When the disciples of Jesus are constituted His disciples by the command: Follow Me, the simple but incommensurable meaning is that they are to be with Him, to abide with Him, to accompany Him on His ways wherever they may lead. Why? Well, obviously in the first instance only to be there, to hear what He says and see what He does, and therefore to be His ear-witnesses and eye-witnesses. No other meaning is possible even where, as in Mt. 4:25 and many other places, it is applied even to those whose attachment to Jesus is more occasional and transitory. In every case “following” means simply to be there, to be with Jesus, in His proximity. This simple “being there” has for their existence all the consequences which are given in the more concrete explanations. There is assumed in it an obligation which loosens and limits and disturbs all the other relationships in which they might otherwise stand, all their ties with men, things and circumstances. By it they are tested and sifted (570).
As Barth notes, it is not possible to be with Jesus and not be living in the commands and content of the divine claim. Also, just as Jesus Christ is the teleological power of grace, so too the community of God's people is the teleological power of God's grace as God's people carry the divine grace and divine command to all people.
Thanks to the wisdom and omnipotence of divine grace, Jesus never exists alone and for Himself, but always as the first-born among many brethren, as the prophesied King of Israel, as the revealed Head of His community. It is not of their own means and merit, but by Him and from Him, as His people, that those who belong to Him are bearers of the grace of God for all men and therefore of the divine claim on all men (571).
So, what is the aim of God's grace in the divine claim?
The concern in the divine claim is that man’s action should become and be always that of those who accept God’s action as right (575).
Meaning, we are to correspond to God's grace and with our actions give an account to this grace (576). Of course, this is not to say that conformity to this grace means equality, God is not making us a second Christ (577). This is not an abolition of the "infinite qualitative difference" between God and humanity.

But conformity to this grace does mean some important things. First, it means that we accept the gracious action of God as right (579).
But the required conformity with the grace of God is this. His action must be determined by the fact that he accepts the gracious action of God as right. This, or something just as simple and apparently sterile and non-committal, is the best possible expression to describe the content of the divine claim. We might perhaps substitute for “accept as right” some such phrase as “acquiesce in” or “respect” or “allow to stand” or “adhere to.” The crux of the matter is that we should understand the Law as “spiritual” (Rom. 7:14), or as “the law of the Spirit of life” (Rom. 8:2), that is, as the form of grace and the Gospel, and therefore in the simplicity, indeed the “lightness,” of its demand and fulfilment (579).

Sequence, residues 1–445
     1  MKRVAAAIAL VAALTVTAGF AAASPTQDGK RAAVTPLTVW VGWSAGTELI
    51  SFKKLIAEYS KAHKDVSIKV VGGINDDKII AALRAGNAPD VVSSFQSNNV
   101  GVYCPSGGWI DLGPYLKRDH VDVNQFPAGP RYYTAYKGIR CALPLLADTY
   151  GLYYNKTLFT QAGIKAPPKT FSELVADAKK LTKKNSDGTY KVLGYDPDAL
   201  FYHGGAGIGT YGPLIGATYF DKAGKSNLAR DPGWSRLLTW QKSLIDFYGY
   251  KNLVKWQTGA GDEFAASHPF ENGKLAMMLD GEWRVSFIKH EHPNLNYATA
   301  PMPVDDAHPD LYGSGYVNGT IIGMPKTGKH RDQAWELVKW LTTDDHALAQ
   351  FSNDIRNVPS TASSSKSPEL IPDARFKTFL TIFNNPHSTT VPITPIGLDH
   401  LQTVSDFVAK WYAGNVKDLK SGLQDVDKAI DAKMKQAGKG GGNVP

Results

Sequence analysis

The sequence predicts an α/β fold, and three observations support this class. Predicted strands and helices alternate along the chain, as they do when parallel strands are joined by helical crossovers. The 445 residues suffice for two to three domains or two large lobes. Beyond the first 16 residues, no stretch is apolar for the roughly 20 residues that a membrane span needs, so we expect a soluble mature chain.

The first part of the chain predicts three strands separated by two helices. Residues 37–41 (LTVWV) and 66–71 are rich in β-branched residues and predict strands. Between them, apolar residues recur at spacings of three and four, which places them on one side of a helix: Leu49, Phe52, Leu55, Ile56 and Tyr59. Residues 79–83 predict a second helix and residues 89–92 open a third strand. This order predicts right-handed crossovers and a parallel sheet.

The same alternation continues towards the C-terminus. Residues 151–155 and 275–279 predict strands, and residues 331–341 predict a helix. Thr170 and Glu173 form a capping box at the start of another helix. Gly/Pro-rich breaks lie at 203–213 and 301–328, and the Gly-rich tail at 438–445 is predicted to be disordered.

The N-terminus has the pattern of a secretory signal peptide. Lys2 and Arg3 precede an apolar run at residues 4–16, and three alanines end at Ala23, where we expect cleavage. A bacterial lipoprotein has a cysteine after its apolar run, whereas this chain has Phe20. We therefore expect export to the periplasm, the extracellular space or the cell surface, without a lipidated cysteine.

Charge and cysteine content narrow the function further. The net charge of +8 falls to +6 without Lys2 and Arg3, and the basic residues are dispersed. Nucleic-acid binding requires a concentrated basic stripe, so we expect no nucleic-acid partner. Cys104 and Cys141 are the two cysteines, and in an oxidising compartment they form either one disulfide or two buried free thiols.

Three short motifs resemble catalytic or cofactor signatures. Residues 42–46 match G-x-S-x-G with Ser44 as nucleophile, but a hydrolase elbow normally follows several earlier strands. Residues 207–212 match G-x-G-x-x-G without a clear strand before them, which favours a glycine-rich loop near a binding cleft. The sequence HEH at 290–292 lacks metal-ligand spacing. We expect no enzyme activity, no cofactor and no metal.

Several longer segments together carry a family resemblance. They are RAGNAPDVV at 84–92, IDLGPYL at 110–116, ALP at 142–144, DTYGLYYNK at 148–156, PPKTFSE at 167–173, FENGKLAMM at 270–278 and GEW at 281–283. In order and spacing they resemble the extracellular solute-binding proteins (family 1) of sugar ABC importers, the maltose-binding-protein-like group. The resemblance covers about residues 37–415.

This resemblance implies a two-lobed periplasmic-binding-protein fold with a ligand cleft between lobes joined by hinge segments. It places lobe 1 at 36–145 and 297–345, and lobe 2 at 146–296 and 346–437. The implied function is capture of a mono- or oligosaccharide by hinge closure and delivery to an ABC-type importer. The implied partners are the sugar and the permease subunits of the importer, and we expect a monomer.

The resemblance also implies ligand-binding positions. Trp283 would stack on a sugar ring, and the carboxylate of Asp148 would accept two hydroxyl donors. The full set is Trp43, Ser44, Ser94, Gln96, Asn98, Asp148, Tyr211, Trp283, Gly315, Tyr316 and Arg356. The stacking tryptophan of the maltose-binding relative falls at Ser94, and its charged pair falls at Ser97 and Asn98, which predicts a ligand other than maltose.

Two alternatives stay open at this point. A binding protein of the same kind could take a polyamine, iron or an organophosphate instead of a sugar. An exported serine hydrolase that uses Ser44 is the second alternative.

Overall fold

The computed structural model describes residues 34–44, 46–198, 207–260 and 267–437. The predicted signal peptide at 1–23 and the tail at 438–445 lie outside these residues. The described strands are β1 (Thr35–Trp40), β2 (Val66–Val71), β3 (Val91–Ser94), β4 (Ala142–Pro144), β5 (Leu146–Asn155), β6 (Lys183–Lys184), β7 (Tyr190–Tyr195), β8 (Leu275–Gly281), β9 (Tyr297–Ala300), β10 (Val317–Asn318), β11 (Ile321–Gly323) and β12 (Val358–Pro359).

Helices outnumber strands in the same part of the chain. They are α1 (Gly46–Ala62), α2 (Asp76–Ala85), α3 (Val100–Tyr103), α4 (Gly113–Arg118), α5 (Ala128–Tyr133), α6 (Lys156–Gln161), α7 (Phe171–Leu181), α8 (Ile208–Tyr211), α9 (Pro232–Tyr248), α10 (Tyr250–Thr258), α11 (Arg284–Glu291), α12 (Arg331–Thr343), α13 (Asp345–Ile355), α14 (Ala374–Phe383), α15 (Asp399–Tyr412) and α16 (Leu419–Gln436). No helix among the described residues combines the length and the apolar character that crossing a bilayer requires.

“To accept as right” means to lay aside all hostility to God’s action—as if we were injured or humiliated by it, as if we had to guard and defend ourselves against it, as if there were some important interests which inclination or even duty compelled us to defend against it. “To accept as right” means again to lay aside all indifference to what God does, or non-participation in it—as if we knew nothing of it, as if it were no concern of ours, as if He did it for Himself, or for   p 580  all kinds of others, as if He did not do it for us, for me, as if we, I, were not affected and determined by what He does. “To accept as right” means finally to lay aside all one’s superiority and self-will in regard to God’s action—as if alongside and apart from it we could acquiesce in and accept all kinds of other things as right, as if in our action we could choose again between orientation by this or that authority, as if acceptance of God’s gracious action as right did not mean that we were bound to this authority, to this norm, and free only in obedience to it (579-580).
Second, conformity to God's grace means that we recognize that we do not belong to ourselves.
What are we to do? We are to accept as right, and to live as those who accept as right the fact that they do not belong to themselves, that they therefore do not have their life in their own hands and at their own disposal, that they are made a divine possession in Jesus Christ (580).
Finally, conformity to God's grace means that we acknowledge the rightness of God's mercy and righeousness.
What are we to do? We are to accept it as right that God never meets us except compassionately, except as the One who comes to the help of our misery, except apart from and against our deserts, except in such a way as to disclose that what we have deserved is death (581).
What are we to do? We are to accept it as right that God is our righteousness. Beyond our physical and spiritual delights and desires, beyond our bondage to earth and titanic strivings, beyond our faults and virtues, beyond our good and evil works, He is always our righteousness (582).
Barth summarizes this section in this way:
We can sum it all up by saying that what God wants of us and all men is that we should believe in Jesus Christ. Not that we should believe like Jesus Christ—that aspect is better left on one side seeing that He is God and we are only men—but that we should believe in Jesus Christ, in the gracious action of God actualised and revealed in Him. The essence of faith is simply to accept as right what God does, to do everything and all things on the presupposition that God’s action is accepted as right. That is why it can and must be said of faith that in and by it we are righteous before God. In the last resort, the apostles had only one answer to the question: “What are men to do?” This was simply that they should believe, believe in Jesus Christ. All the answers of theological ethics to the same question can only paraphrase and confirm the imperative: “Seek those things which are above, where Christ is.” (583).